The UK’s retail sector is struggling as consumer spending slips. Even the biggest shopping destinations are affected with Oxford Street London about to have a huge retail unit to fill when House of Fraser shuts up shop showing us that no shopping centre is immune.

Below we have compiled a list of the retailers who have disappeared altogether or who have announced they are having issues and could follow suit down the CVA route as a way of cutting costs.

Toys R Us – The magical place was left with millions of toys on the shelf after less and less customers headed there, becoming one of the first big casualties of the UK’s retail meltdown. All Toys R Us stores nationwide are now closed with experts this week stressing that the chain didn’t need to die.

House of Fraser – The troubled department store has finally announced closures which were a long time coming after announcing a £43.9million loss last year. Figures released as part of a takeover by the Chinese owner of Hamleys, showed the retailer’s sales fell from £840.9million to £787.8million in 2017 – a drop of 6.3 per cent. This drop has partly been blamed on Brexit and recent terrorist attacks however whatever the reasons Swindon town centre is going to be left with a huge whole to fill.

Maplin – The electrical goods retailer collapsed into administration in February with stores putting up the closing down sale signage in April.

Poundworld – The budget retailer is expected to fall into administration in the next few days after failing to secure new investment putting 1,500 jobs at risk. Poundworld currently occupy the old Woolworths site in Regent Street.

Poundstretcher – Credit insurers are reported to be tightening terms for suppliers to the discount retailer in a move which is generally seen as an indication of concerns a retailer is about to go bust. Poundstretcher’s closure should it happen will leave another hole in the Stratton shopping scene after the closure of Toys R Us.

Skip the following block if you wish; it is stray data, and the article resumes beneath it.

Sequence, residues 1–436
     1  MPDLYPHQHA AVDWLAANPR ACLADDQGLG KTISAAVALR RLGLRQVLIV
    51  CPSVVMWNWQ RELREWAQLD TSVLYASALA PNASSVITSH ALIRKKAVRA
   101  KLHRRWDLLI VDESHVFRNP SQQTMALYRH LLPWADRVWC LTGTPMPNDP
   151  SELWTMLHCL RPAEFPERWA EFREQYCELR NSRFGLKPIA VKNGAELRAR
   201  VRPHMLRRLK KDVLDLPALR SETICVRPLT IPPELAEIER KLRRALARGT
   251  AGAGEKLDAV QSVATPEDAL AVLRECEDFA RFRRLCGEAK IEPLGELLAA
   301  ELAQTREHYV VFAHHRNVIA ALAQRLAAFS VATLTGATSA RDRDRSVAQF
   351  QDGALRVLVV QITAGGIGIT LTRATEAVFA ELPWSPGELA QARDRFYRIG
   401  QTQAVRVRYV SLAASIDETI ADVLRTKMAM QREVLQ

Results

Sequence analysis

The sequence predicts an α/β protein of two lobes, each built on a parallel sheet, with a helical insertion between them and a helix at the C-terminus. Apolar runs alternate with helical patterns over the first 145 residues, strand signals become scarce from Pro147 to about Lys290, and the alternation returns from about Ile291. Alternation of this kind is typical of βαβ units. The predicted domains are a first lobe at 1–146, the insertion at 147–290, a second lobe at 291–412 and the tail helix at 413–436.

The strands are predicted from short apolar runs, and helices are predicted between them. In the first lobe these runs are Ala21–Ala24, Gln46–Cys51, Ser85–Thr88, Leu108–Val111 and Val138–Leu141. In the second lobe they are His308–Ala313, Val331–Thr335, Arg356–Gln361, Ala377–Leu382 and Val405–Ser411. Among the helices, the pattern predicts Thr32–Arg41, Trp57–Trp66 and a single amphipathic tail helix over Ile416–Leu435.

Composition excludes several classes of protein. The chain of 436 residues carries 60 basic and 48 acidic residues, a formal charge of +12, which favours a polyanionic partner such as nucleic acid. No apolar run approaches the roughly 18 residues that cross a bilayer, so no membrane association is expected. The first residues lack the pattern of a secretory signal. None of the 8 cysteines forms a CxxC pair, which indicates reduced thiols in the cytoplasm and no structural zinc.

Debenhams – After seeing pre-tax profits slump it is expected Debenhams could follow the lead of House of Fraser and shut low profit stores. The chain is understood to be looking to downsize its estate by at least 30 stores blaming a change in shopping habits and bad weather for its latest problems.

Marks & Spencer – With a huge store in Swindon town centre, the retailer has announced the closure of many of its biggest stores, about a third of all those selling clothes and homeware, by 2022 after reporting a huge fall in pre-tax profit to £66.8million in the year to March 31, 2018. Swindon is not set to be closed.

Mothercare – The baby and maternity store have announced up to 50 stores to close although the Greenbridge location is not understood to be affected.

Carpetright – Carpet and furniture giant Carpetright issued its second profit warning of 2018 and is entering talks with lenders. The firm, which has two huge Swindon outlets, has warned it is set to disclose a full-year loss.

Homebase – With the DIY chain being sold last week for just £1 to the owners of HMV it is widely expected stores will close. The chains previous Australian owners attempted to slim down its £1billion rent bill and announced the closure of up to 40 of the worst-performing stores. How the Swindon stores and distribution centre are to be affected it is not yet known.

Arcadia Group – In May 2018 Sir Philip Green’s Arcadia Group, owners of Topshop, Topman, Dorothy Perkins, Burton, Evans, Wallis and Outfit reported profits dipped by 42 per cent to £124.1million with sales falling 5.6 per cent in the year to August 26, 2017. Any closures here would hit the town centre hard with the stores spread over over four retail units plus the large outlet at the Orbital.

Can the high street really afford to lose many more big names?


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